The number of female financial experts is also increasing. Many of these leaders understand the need for a different relationship between women and our money. Sites like Ellevest, personal finance bloggers, and financial advisors are working hard to help women build their financial acumen. These pioneers encourage women to learn about investing and support women in building wealth. They are helping women bridge the confidence gap, overcome long-held taboos about talking about money, and reclaim their financial agency — and we applaud them.

There is now an opportunity to take the conversation farther to support women in aligning their money and their values. Currently, too many female-focused advisors are recommending traditional investment strategies and financial products that are designed to optimize financial return regardless of social cost. This strategy does not align with many women’s values. It does not serve our communities and our planet. We need better options.

Morgan Stanley reports that 84% of women and 86% of millennials want more from their money.7 We are demanding BOTH a social and a financial return. We want to direct our dollars toward a future of prosperity, inclusivity, and sustainability. We want to see our children, our communities, and our planet flourish. We want our lives to matter, and we want the ways that we show up to be in support of our values. We want to walk our talk.

Thankfully, there is an answer. Over the past 20 years, a socially responsible investment approach has been evolving. Innovators have used their money to experiment, build, and test new financial instruments, proving that it is possible achieve both a financial and a social return. Though the sector was primarily developed by high net wealth individuals, institutional investors, and foundations, the rest of us can join the movement. At the end of 2017, more than 25% of total assets under professional management in the United States were invested in sustainable, responsible, and impact investing (SRI) assets.8 This type of investing is becoming mainstream across many asset classes and available to all investors (accredited and unaccredited).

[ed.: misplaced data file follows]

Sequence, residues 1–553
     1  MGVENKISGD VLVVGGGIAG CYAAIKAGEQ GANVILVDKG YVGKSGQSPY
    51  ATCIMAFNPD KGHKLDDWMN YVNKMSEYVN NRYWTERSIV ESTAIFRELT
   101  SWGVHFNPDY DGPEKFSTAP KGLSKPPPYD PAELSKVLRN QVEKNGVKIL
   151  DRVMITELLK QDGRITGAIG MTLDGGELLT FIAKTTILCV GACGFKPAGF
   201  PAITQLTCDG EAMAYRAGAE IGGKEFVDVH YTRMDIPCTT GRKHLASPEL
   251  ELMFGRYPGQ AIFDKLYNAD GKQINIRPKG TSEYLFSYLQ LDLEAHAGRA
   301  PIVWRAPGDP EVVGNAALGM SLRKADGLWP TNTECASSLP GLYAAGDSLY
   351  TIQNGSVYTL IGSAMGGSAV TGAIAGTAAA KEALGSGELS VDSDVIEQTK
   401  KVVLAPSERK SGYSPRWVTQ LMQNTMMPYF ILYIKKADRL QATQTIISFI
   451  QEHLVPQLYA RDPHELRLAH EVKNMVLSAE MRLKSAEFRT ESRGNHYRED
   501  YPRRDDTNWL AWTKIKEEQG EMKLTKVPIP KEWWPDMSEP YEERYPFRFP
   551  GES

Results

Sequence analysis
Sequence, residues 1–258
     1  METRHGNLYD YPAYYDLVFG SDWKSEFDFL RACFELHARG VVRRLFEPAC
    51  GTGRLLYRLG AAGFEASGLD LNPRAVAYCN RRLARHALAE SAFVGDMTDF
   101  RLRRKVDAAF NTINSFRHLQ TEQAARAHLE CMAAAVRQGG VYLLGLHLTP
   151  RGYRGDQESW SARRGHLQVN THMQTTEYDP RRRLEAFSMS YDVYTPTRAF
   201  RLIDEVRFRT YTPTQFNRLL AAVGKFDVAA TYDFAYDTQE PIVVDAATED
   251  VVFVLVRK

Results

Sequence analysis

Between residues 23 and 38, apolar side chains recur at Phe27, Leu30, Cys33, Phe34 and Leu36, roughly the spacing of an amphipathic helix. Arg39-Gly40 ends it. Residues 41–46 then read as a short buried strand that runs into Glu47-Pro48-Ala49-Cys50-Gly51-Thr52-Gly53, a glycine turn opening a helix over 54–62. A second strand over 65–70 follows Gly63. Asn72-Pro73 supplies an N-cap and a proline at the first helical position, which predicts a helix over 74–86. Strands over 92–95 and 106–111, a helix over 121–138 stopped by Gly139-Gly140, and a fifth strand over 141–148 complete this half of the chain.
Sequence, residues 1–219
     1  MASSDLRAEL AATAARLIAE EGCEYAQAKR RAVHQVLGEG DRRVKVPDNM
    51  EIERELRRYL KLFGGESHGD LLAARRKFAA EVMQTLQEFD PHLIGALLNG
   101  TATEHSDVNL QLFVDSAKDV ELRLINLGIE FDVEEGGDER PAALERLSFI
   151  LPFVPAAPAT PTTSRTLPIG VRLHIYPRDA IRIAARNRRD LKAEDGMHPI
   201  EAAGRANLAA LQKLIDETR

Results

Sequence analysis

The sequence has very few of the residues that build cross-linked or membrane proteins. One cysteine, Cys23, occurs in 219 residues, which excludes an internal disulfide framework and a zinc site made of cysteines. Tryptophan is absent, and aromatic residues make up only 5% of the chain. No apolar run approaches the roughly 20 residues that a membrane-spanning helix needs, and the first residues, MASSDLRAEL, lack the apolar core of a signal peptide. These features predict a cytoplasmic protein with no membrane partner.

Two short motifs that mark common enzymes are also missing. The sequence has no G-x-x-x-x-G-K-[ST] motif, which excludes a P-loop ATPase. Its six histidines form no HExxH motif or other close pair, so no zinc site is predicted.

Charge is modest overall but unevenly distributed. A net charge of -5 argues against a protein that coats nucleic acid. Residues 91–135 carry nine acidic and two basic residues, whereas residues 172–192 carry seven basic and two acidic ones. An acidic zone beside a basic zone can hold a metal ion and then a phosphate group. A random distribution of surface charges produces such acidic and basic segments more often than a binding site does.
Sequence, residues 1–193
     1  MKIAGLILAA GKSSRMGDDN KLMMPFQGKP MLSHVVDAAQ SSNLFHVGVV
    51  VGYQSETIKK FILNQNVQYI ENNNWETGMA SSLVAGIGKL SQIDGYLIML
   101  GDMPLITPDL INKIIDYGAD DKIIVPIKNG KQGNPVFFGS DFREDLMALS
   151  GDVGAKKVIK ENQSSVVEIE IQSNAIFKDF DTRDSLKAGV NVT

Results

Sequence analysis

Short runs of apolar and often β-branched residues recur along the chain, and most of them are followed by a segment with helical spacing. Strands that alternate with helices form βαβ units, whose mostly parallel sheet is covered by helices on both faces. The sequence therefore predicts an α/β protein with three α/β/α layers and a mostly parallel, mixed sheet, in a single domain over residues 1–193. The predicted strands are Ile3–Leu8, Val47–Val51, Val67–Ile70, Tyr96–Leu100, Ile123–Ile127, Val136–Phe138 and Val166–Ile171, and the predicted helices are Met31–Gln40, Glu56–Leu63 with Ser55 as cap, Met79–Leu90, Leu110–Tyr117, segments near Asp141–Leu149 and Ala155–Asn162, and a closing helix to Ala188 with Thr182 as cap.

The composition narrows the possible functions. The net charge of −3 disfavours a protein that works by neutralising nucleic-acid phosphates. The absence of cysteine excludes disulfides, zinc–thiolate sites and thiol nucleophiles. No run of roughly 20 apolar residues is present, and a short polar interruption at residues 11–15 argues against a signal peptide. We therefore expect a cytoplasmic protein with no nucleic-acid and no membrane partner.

Call To Action

Conversations about women, money, and values need to be one conversation. As women take their place at the financial table, they need to build a new table crafted for them: one that provides financial education and supports the alignment of money and values. Demand for this financial alignment has already started and will grow in the months and years to come. This is a movement. It is a monumental shift in thinking about the possibility of money. The time is now, and women are poised to lead.

Learn more about Invest for Better.


Janine Firpo is a values-aligned investor, social innovator, and advocate of women supporting women. She is the co-founder of Invest for Better. Amy Gudgeon is a financial activist and the Founder of Studio Watershed, a social impact consulting firm focused on strategy, scale and financial sustainability.


This article first appeared in Medium.






6. Havens and Schervish. A Golden Age of Philanthropy Still Beckons. 2014.

7. Morgan Stanley Institute for Sustainable Investing. Sustainable Signals: New Data from the Individual Investor. 2017.

8. US SIF Foundation. Report on Sustainable, Responsible and Impact Investing Trends. October 2018.